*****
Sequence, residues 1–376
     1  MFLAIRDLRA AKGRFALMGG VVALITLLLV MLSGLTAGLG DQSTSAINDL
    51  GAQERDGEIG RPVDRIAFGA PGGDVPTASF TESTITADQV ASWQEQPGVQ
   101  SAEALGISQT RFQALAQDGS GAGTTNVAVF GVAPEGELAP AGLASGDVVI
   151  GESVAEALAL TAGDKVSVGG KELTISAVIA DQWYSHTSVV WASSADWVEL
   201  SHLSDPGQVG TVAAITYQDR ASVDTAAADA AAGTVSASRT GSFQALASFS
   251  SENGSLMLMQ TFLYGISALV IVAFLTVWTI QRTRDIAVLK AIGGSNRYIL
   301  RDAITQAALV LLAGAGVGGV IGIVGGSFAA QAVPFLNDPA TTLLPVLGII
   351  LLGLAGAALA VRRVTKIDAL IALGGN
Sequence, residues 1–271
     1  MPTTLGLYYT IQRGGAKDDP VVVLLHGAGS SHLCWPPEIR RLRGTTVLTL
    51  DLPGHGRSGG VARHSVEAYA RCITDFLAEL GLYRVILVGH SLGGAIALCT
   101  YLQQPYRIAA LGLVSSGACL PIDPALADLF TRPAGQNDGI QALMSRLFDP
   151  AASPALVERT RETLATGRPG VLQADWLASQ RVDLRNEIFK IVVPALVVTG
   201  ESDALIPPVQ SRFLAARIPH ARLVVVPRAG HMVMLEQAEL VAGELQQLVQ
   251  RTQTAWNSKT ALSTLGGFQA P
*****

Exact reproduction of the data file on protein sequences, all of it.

Sequence, residues 1–376
     1  MFLAIRDLRA AKGRFALMGG VVALITLLLV MLSGLTAGLG DQSTSAINDL
    51  GAQERDGEIG RPVDRIAFGA PGGDVPTASF TESTITADQV ASWQEQPGVQ
   101  SAEALGISQT RFQALAQDGS GAGTTNVAVF GVAPEGELAP AGLASGDVVI
   151  GESVAEALAL TAGDKVSVGG KELTISAVIA DQWYSHTSVV WASSADWVEL
   201  SHLSDPGQVG TVAAITYQDR ASVDTAAADA AAGTVSASRT GSFQALASFS
   251  SENGSLMLMQ TFLYGISALV IVAFLTVWTI QRTRDIAVLK AIGGSNRYIL
   301  RDAITQAALV LLAGAGVGGV IGIVGGSFAA QAVPFLNDPA TTLLPVLGII
   351  LLGLAGAALA VRRVTKIDAL IALGGN
Sequence, residues 1–271
     1  MPTTLGLYYT IQRGGAKDDP VVVLLHGAGS SHLCWPPEIR RLRGTTVLTL
    51  DLPGHGRSGG VARHSVEAYA RCITDFLAEL GLYRVILVGH SLGGAIALCT
   101  YLQQPYRIAA LGLVSSGACL PIDPALADLF TRPAGQNDGI QALMSRLFDP
   151  AASPALVERT RETLATGRPG VLQADWLASQ RVDLRNEIFK IVVPALVVTG
   201  ESDALIPPVQ SRFLAARIPH ARLVVVPRAG HMVMLEQAEL VAGELQQLVQ
   251  RTQTAWNSKT ALSTLGGFQA P